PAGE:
The beginning of November marks the time when some 8,000 movie industry leaders from over 70 countries converge in Santa Monica. It's the American Film Market, (AFM) an 8-day event where participants come to network and to sell, finance and acquire films for distribution all over the world. The Loew’s Santa Monica Hotel is the headquarters for this premiere global marketplace where Hollywood’s decision-makers and trendsetters gather to make and close movie deals, be they big studios or small independent filmmakers.
We found out about a little movie, “How to Beat a Bully,” that will be ready just in time for the event. Bullying is a hot topic these days. In fact, October is National Bullying Prevention Month. Whether it’s bullying in schools or cyber-bullying, this ever-increasing problem makes news over and over – which is why we wanted to highlight this new Indie family comedy that is debuting at AFM.
“How to Beat a Bully” has no big names in it. The theme and story are the stars of this little gem. It’s a “Home Alone” kind of comedy with an anti-bullying theme. The story revolves around a 12-year old boy who moves to a new town and gets picked on by school bullies. I related to that because it happened to me. And truthfully, what new kid in town hasn’t had that kind of trepidation?
In the film, after the boy’s dad gives him lame fatherly advice, he has to come up with his own solution instead. After watching a show on TV, he decides to tell the bullies his father is a hit man for the mob! At first no one believes him, but through a series of misunderstandings – his father is an insurance salesman who keeps telling people they need “protection” and he can give them a “contract” – the whole town is convinced it’s true. After that, the bullies become the boy’s BFF’s. They treat him with respect and he doles out favors like a little Godfather. Unfortunately, it doesn’t go as well for his dad. The rumor spreads to real mobsters, who think he’s horning in on their territory. Ultimately, they capture the dad and the kid and his friends have to save his dad from the mob.
This is a cheerful comedy, but it can open up a discussion on the serious topic of bullying. The filmmakers have already been speaking with anti-bullying organizations about possible screenings and fundraisers. What better way to begin a conversation on bullying than with something that can be enjoyed by kids and adults alike, and get them in a mood to feel good and embrace each other's individuality and differences. This approach has often been used by well-known entertainers and celebrities as they try to spread the word to stop bullying.
The script for “How to Beat a Bully” has won several contests and was optioned numerous times by Hollywood producers, but never made. Finally, Screenwriters Marilyn Anderson & Richard Rossner decided “no more options.” That's when things started to happen. A film financier approached Anderson about the project, and she teamed up with Dream Factory Entertainment, a production company that had done several other family features. When partners Robert Dudelson and Stephen Langford read the script, they were captivated by its humor and originality. So many stories of bullies are sad or upsetting, Dream Factory realized it would be good to reach out to children and families in a more lighthearted way.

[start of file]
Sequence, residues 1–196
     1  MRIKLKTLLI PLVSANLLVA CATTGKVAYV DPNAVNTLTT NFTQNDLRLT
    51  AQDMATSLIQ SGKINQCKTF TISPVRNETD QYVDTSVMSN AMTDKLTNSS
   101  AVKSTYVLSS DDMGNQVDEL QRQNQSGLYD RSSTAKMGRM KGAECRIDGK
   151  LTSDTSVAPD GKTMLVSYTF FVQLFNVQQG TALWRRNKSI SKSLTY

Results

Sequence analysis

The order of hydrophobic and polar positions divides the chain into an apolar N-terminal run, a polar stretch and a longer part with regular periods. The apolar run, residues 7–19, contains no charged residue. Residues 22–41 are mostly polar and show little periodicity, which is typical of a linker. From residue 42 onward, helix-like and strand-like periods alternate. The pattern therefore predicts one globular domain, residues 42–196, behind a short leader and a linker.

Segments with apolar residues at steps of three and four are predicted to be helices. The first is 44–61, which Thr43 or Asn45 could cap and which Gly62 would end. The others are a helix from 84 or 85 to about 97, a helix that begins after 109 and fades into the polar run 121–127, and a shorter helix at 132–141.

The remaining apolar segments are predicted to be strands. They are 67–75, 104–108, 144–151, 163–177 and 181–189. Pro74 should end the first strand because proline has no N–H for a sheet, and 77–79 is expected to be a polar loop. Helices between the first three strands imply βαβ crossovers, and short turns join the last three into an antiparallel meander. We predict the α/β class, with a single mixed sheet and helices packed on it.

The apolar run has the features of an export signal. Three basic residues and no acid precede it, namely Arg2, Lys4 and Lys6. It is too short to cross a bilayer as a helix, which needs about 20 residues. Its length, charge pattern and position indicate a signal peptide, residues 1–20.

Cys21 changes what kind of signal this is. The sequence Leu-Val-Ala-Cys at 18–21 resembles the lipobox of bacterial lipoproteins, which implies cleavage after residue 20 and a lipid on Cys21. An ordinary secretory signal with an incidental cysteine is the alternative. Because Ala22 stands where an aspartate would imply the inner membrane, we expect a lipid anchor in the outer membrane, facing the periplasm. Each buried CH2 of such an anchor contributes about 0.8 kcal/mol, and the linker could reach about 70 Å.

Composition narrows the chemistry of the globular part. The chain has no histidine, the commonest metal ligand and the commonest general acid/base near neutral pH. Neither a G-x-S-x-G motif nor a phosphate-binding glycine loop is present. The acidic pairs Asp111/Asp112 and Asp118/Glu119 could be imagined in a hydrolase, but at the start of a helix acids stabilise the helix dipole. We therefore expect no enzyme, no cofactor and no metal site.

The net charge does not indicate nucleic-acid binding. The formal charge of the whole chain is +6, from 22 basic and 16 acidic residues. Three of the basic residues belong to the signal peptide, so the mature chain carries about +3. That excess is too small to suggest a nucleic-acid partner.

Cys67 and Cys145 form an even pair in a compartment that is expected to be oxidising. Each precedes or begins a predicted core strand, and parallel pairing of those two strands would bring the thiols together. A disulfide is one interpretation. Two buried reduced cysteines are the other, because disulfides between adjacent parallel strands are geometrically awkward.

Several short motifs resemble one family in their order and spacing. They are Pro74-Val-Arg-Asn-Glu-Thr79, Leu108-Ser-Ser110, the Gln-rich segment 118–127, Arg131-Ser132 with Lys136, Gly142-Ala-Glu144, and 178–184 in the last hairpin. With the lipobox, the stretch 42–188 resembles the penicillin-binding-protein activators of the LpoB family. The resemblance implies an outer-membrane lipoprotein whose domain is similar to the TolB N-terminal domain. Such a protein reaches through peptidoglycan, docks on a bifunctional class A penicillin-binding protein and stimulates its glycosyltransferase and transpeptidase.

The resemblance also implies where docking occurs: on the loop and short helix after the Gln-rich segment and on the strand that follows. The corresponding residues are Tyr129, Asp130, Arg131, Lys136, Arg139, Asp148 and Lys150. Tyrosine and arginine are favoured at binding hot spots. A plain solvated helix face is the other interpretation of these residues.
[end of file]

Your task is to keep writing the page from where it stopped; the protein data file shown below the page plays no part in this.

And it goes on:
Even before it was completed, word of this smart little film began to get out. REVERSE ORDER, a popular boy band that was a semi-finalist on America's Got Talent, contributed songs to the movie.
The band is currently doing a national tour, providing an Anti-Bullying Concert and Assembly for 150 schools around the country. Along with sharing their own stories of being bullied, the boys sing their original songs, and they also hope to show clips from “How to Beat a Bully.” Having talked to thousands of students, the boys have seen, firsthand, how music and humor can help spread this vital message.
Although “How to Beat a Bully” has no big stars, it’s got a talented group of tweens and teens, some of whom will undoubtedly become stars. Grant McLellan plays the boy, with Bryan Yoshi Brown, Kade Pait, Ian Tucker, Pearce Joza and Griffen Beebe as the bullies-turned-buddies. Eric Lauritzen and Elise Angell are the mom and dad, with Vince Donvito and Micah Lyons co-starring as comic bad guys.
Some of the young actors have made short videos for the organization Beyond Bullies to help publicize a contest where entrants can win $500 for submitting a video describing how they were bullied and offering ideas to help stop bullying.
"How to Beat a Bully" was directed by Doug Bilitch, written by Marilyn Anderson & Richard Rossner, and produced by Sofia L. Monroe and Paul Rocha. Executive Producers are Robert Dudelson, Stephen Langford, Marilyn Anderson, Jackeline Olivier and Wes Underwood. The film has a musical score by Emmy-Award winning composer, Misha Segal.
Blairwood Entertainment is handling Worldwide Sales & Distribution. The company will be at AFM.
The movie “How to Beat a Bully” may not solve the bullying problem, but it should provide lots of laughs and entertainment for kids and families – as well as deliver a lighthearted, but important message: “It’s more fun being friends than bullies.”